To Drink or not to Drink on a Recruiting Trip

  30 Gold Medal Mel Stewart | September 15th, 2012 | College, Featured, Lifestyle, News

Contributor, Rick Paine, is a friend and an expert on the college recruiting process.

Drinking on college campuses has always been there and unfortunately probably always will be. Athletes are not immune the allure of alcohol even though it is counterproductive to all of the training they do.

Recruiting trips and parties seem to go hand in hand and many times drinking is involved. If you are fortunate enough to be invited on a recruiting trip, you should prepare yourself to deal with this issue.

Here is a typical recruiting trip. You fly in on a Friday and one of the coaches picks you up at the airport. You go to lunch with the coaches and your student host. You meet with the academic counselors and maybe attend a class or two with a student-athlete. You go and watch practice then hang out with the team at one of the coaches’ homes. You go back to the dorm room with your host and maybe watch a movie and talk.

Saturday morning you meet the swim team for breakfast then meet with one of the coaches while the team is training. You then head out with the team for a day of fun and probably go to a football game. Later that night the team may host a party for you and the other recruits.

Everyone is making you feel welcome and you are excited to feel like you are part of the team. You notice that some of the team is drinking (hopefully only some of the team) and one of the upperclassmen brings you a beer.

The upperclassman tells you how much everyone likes you and shoves a beer in your face telling you it is OK because all of the recruits drink on their trip.

I am not going to sit here and tell you of all of the reasons not to drink, but I am going to remind you about two of them.

It is illegal and you could be arrested or given a citation. Wouldn’t that be a fun conversation to have with your parents and your coach when you get back home?

You can be assured that the coaches will find out. Don’t let anyone tell you that no one will know. With today’s cell phone cameras and social media outlets it is only a matter of time before your mug is plastered all over facebook with a beer in your hand and you are labeled as a partier.

Now you are back at home waiting for the coaches to call you, but the phone doesn’t ring. The coaches have asked some of the team about you and perhaps have seen the photo of you holding a beer. That one moment has labeled you as a party animal and I guarantee you that coaches don’t recruit party animals.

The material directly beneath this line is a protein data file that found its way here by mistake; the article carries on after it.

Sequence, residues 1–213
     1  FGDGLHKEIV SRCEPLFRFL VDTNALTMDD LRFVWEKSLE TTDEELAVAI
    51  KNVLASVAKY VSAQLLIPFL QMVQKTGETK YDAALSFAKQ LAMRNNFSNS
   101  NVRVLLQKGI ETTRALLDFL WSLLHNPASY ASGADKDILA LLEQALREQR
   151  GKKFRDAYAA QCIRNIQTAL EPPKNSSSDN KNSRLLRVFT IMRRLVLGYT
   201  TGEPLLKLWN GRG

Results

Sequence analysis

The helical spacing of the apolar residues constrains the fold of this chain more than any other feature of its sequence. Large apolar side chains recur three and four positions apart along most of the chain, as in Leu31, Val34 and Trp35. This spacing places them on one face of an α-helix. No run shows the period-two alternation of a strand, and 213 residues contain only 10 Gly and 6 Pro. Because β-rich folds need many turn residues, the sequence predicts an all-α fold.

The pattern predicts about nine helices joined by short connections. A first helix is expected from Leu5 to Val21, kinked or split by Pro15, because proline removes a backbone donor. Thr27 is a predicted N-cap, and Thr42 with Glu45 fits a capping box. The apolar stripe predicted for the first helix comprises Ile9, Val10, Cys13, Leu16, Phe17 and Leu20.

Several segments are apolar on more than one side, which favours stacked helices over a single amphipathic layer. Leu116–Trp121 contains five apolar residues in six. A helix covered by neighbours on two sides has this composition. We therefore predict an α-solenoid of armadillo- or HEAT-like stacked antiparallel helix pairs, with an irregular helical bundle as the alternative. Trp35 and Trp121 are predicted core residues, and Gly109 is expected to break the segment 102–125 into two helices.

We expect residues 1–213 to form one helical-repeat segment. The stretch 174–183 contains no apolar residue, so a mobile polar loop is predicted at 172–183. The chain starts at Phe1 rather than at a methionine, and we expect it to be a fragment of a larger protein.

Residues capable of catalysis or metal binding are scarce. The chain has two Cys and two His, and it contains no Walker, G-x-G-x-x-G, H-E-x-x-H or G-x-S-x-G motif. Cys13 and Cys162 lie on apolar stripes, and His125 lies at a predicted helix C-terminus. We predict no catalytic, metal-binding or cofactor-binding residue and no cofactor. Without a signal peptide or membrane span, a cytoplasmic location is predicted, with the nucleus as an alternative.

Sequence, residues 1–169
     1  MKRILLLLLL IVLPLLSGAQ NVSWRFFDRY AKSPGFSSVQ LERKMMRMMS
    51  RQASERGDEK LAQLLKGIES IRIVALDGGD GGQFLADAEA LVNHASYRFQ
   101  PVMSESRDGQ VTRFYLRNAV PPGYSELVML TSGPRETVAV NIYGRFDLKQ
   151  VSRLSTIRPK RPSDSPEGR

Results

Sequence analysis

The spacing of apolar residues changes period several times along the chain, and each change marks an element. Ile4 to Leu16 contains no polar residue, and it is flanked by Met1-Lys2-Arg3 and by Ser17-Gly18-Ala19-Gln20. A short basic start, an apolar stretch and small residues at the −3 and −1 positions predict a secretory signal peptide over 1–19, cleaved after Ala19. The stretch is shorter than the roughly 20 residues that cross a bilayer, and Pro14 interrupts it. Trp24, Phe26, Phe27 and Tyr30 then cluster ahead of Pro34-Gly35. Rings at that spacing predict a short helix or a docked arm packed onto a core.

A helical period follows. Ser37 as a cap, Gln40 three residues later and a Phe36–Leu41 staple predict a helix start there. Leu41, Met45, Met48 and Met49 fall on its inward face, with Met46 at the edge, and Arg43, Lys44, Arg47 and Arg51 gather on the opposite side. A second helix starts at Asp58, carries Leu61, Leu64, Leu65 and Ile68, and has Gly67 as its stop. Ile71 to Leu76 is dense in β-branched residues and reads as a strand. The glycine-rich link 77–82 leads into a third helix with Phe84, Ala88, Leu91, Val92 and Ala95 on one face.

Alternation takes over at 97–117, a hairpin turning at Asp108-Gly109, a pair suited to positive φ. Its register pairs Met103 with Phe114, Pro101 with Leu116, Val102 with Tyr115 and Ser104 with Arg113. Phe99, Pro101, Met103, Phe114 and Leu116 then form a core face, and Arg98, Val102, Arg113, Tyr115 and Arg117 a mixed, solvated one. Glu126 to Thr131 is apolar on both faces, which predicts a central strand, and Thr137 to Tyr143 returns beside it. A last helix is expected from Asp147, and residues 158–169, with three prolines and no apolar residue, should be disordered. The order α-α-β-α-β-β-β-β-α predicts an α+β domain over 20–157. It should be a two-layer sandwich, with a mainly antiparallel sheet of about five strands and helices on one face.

So what do you do without coming across as uncool?

  • As soon as you get to the party get a lemonade or a soda so that you have something in your hand.
  • Don’t stand in the middle of the room like a statue. Interact with the team, especially with the non-drinkers.
  • If someone offers you a drink politely decline and let them know that you already have something to drink.
  • If they persist, let them know that you are focused on your training for this season and that your coach would kick your butt if you had a drink.

If you feel pressured to drink in order to fit in with the team, then you should re-evaluate if the team is right for you.

Under no circumstances should you drink on a recruiting trip!!!!!!!!!!!!!

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Comments

  1. Korn says:
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    Plus if you are drinking on the trip, will you really see the team in the right perspective?!?! A recruiting trip is the time to evaluate the environment and see if it is the best place for you!!

  2. NONA says:
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    We made a rule eliminating drinking on recruiting trips. It is our absolute, no questions asked rule, and if violated causes dismissal. We have lost recruits bc we didn’t provide a party, and those are the recruits I’m happy to lose.

    I am not under the illusion that my team is perfect angels the rest of the time, but we have been good about this

    • Blake says:
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      So you’re willing to lose recruits that could help your team just because those same recruits want to have a fun trip like they will anywhere else? Smart coaching move there…

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        Nope, they are willing to loose recruits that could even score at their major meets because, more often than not, those recruits could be more trouble than they are worth (Kendall, anyone?).

        I’m not sure what they mean by not providing a party like some other teams, but I hope they still provide a party without the drinking. Yes, it turns out, those two are not the same, and if you’re unable to have a good time without drinking, then you’re not the kind of recruit anyone should be looking for. Plus, there’s nothing wrong with standing up for something more than times and scores.

      • Neptune2029 says: